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A question that will very naturally occur to persons of an enquiring

turn of mind in regard to the figures and symbols seen in the tea-cup

is: Why should one symbol necessarily signify one thing and not

something quite different?

The answer, of course, is that the meanings given to the symbols are

purely arbitrary, and that there is no scientific reason why one should

signify one thing and not another. Th
re is no real reason why the

ace of clubs, for instance, should not be considered the 'House Card'

instead of the nine of hearts, or why the double four in dominoes should

signify an invitation instead of a wedding, like the double three.

It is obviously necessary, however, in attempting to read the future by

means of any kind of symbols, whether pips, dots, numbers or anything

else, to fix beforehand upon some definite meaning to be attributed to

each separate symbol and to hold fast to this meaning in all events.

In the case of tea-leaves, where the symbols are not mere 'conventional

signs' or numbers but actual figures like the pictures seen in the fire

or those envisaged in dreams, there is no doubt that the signification

of most of them is the result of empyrical experience. Generations of

spae-wives have found that the recurrence of a certain figure in the

cup has corresponded with the occurrence of a certain event in the

future lives of the various persons who have consulted them: and this

empyrical knowledge has been handed down from seer to seer until a

sufficient deposit of tradition has been formed from which it has been

found possible to compile a detailed list of the most important symbols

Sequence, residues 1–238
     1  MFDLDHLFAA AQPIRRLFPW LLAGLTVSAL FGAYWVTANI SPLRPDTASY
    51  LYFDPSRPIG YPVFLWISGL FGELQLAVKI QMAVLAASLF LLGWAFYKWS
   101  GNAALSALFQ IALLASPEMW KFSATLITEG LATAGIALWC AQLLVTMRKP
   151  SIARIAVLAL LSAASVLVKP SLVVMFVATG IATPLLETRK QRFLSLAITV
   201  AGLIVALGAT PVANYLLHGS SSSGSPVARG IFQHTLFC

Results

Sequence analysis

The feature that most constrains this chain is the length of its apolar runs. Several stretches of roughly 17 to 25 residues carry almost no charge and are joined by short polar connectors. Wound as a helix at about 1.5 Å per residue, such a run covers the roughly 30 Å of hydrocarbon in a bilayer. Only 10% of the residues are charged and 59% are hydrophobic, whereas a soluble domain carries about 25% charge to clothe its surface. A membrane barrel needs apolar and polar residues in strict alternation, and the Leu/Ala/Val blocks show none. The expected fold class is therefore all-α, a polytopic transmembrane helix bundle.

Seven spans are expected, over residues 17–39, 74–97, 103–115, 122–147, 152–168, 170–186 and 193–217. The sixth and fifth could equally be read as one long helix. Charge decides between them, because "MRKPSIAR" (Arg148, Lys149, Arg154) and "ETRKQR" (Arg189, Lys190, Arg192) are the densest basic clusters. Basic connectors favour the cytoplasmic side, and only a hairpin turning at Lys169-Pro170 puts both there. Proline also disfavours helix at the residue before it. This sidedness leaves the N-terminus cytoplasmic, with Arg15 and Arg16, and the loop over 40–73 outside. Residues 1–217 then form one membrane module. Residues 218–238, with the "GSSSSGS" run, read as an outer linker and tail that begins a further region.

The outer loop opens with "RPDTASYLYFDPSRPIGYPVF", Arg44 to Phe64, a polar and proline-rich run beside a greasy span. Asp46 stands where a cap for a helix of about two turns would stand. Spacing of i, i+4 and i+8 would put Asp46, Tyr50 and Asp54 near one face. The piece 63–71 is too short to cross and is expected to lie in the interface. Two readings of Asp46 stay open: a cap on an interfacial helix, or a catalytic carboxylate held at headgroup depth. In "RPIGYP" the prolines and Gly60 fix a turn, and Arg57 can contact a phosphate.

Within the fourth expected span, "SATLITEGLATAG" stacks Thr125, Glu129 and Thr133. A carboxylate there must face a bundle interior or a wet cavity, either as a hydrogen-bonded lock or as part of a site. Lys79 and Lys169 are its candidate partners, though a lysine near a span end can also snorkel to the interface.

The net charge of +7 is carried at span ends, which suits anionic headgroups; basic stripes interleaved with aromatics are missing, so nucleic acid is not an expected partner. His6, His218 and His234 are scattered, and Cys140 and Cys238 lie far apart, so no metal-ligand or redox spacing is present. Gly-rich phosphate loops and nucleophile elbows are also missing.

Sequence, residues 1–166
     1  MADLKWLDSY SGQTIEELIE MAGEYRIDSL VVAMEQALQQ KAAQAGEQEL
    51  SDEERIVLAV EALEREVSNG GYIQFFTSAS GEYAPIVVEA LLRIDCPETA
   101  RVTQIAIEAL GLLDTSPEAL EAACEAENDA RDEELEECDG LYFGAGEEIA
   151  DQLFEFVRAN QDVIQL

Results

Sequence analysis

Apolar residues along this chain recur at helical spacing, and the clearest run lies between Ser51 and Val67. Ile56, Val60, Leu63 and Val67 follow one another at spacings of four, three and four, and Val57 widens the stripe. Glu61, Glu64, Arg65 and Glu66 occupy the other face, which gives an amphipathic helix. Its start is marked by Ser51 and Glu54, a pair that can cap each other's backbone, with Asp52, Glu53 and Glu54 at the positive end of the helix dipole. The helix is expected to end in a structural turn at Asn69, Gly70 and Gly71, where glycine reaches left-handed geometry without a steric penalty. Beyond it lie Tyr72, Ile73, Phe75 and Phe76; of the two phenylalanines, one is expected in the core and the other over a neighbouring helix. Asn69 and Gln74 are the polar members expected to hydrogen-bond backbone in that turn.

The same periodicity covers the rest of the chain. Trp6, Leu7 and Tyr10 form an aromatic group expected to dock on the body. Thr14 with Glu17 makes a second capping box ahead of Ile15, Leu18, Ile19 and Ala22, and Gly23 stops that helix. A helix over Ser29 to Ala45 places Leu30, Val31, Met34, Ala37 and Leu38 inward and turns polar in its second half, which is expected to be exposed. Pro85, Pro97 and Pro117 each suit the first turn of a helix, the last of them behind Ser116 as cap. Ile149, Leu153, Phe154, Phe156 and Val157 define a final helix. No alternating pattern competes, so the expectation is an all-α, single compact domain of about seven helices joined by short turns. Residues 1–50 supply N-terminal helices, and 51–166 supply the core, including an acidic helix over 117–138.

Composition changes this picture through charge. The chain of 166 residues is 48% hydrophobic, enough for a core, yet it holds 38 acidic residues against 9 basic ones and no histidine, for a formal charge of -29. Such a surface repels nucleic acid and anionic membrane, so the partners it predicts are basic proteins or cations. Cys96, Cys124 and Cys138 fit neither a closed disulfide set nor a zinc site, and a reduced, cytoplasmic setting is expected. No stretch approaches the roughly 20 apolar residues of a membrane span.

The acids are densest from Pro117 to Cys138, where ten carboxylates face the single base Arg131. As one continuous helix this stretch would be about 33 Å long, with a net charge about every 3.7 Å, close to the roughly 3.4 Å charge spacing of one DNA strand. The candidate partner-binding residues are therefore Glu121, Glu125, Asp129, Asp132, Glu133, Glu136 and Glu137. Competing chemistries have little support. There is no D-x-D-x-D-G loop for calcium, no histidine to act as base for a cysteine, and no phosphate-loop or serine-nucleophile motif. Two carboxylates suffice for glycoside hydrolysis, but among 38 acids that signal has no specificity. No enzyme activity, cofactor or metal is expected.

and to attach to each a traditional meaning. These significations have

been collected by the writer--in a desultory manner--over a long period

of years chiefly from spae-wives in both Highland and Lowland Scotland,

but also in Cornwall, on Dartmoor, in Middle England, in Gloucestershire

and Northumberland. Occasionally it has been found that a different

meaning is attributed to a symbol by one seer from that given it by

another. In such cases an alternative signification might, of course,

have been given here, but as the essence of all such significations

is that they shall be stable and unvarying, the writer has fixed upon

whichever meaning has been most widely attributed to the symbol or

appears to have the best authority for its adoption, so that the element

of doubt may be excluded.

Although included in their alphabetical order in the list which follows,

there are certain figures and symbols which are of so common occurrence

and bear such definite interpretation that it is advisable to refer to

them here in detail. Certain symbols are invariably signs of approaching

good-fortune: certain others of threatened ill-luck. Among the former

may be mentioned triangles, stars, trefoil or clover-leaves, anchors,

trees, garlands and flowers, bridges or arches, and crowns. Among the

latter, coffins, clouds, crosses, serpents, rats and mice and some

wild beasts, hour-glasses, umbrellas, church-steeples, swords and guns,

ravens, owls, and monkeys are all ominous symbols.